Sept. 11 remembered ...Clayton
Clayton State honors victims during candlelight vigil

By Curt Yeomans


The ghost-like faces remain vividly in the mind of Sunita Caton seven years after she saw them.

Caton was visiting family members in Brooklyn, N.Y., in early September 2001. It was her first time in a city like New York, and she was awestruck by the bustling life of the big city. However, on one Tuesday morning -- Sept. 11 -- Caton got a frantic phone call from her mother, pleading with her to get out of the Big Apple by any means possible.

New York City was under attack, from the sky, and the twin towers of the World Trade Center had just fallen, killing everyone who could not escape from them.

It's what Caton saw when she went down to Flat Bush Avenue, which will forever haunt her.

"The worst part of that day was seeing the buses coming over from Manhattan," said Caton, who is now a junior at Clayton State University. "Everyone in the bus ... There were no white people, or black people, or people of any other nationalities. They were just covered in that gray dust. Everyone was just so quiet, and all you could see was their eyes. I still see their eyes."

Clayton State's Student Government Association (SGA) hosted a candlelight vigil on Thursday in memory of the people who died on 9/11. Nearly 3,000 people died in the terrorist attacks at the World Trade Center, the Pentagon, and aboard a plane that crashed in a field in Shanksville, Penn.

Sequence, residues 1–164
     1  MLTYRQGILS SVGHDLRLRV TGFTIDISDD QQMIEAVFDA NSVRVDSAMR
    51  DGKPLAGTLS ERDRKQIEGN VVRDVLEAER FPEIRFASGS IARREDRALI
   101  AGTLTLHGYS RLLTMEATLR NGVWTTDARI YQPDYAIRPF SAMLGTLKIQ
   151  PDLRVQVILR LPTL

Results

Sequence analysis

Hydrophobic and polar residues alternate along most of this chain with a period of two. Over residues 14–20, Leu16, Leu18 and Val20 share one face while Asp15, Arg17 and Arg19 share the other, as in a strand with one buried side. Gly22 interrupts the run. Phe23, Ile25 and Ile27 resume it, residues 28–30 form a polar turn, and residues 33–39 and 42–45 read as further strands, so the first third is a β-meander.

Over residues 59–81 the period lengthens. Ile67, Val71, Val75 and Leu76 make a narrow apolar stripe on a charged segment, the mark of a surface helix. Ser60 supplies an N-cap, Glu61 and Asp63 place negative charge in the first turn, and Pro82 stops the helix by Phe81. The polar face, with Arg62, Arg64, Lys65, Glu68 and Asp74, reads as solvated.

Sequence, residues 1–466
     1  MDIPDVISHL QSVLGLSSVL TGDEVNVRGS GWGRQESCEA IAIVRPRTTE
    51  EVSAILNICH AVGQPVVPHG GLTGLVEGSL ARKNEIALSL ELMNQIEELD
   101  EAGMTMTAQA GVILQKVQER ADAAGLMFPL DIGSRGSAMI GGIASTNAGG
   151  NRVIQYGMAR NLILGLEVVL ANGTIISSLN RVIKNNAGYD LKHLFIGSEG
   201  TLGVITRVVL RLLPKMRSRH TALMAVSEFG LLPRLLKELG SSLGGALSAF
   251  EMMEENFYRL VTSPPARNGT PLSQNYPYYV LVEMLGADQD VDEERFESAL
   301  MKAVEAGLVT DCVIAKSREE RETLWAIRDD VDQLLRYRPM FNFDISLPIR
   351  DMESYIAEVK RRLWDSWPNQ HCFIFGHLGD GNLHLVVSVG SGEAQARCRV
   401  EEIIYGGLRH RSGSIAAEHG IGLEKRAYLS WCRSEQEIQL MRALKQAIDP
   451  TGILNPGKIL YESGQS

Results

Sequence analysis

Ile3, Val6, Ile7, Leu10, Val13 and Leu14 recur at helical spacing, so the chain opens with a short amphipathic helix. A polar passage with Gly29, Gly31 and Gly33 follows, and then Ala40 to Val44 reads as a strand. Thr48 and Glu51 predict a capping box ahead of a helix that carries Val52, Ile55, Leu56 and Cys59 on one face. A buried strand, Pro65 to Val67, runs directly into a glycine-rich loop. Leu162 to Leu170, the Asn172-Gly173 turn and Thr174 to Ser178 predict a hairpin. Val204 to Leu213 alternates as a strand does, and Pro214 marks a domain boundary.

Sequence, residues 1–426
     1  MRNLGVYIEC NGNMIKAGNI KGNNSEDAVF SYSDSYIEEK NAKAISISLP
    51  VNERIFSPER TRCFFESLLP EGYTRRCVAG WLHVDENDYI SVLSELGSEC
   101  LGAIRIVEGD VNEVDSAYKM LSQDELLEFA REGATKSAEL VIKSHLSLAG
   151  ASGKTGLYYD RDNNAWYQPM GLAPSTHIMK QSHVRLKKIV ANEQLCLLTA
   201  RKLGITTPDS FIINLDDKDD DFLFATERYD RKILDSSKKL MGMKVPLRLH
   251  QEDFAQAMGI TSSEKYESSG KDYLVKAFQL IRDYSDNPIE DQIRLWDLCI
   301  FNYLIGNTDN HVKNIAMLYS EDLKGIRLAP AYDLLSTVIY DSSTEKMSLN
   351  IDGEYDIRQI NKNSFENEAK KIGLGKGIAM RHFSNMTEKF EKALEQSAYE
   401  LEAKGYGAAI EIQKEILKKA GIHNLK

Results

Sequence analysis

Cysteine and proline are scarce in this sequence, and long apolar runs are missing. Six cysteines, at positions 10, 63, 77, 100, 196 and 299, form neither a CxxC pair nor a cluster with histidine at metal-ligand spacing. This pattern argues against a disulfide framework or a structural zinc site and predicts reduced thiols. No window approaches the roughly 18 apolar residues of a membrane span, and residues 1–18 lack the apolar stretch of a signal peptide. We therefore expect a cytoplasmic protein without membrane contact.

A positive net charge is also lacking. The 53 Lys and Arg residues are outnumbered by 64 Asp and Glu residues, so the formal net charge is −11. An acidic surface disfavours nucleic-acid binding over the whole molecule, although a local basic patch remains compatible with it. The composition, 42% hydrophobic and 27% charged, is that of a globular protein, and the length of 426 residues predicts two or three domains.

Clayton State was one of many places across the nation where life paused to remember the events of that day. Caton was one of the speakers at the vigil, and she briefly shared her memories of that fateful day.

"For a city as vibrant as New York, it was so quiet on that day," Caton said. "It was really eerie."

Darius Thomas, president of Clayton State's SGA, said it's important to remember what happened on 9/11, because America is still dealing with the after-effects. "I would say it's still relevant because we are still at war, and that was one of the events which led us to go to war," said Thomas.

Chevonder Caesar, a junior at the university, who started the annual vigil last year, said the victims of the attacks should never be forgotten because they are a reminder of the importance of human life.

"Even though it's in the past, people need to remember what happened," said Caesar. "Sometimes, people take life for granted, and we don't want to ever forget something that tragic."